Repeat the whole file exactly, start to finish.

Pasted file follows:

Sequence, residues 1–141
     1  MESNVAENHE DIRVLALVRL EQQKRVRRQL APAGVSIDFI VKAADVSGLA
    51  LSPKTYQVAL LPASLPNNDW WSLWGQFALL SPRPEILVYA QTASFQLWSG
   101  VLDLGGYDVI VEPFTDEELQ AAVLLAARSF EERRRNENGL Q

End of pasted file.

Sequence, residues 1–141
     1  MESNVAENHE DIRVLALVRL EQQKRVRRQL APAGVSIDFI VKAADVSGLA
    51  LSPKTYQVAL LPASLPNNDW WSLWGQFALL SPRPEILVYA QTASFQLWSG
   101  VLDLGGYDVI VEPFTDEELQ AAVLLAARSF EERRRNENGL Q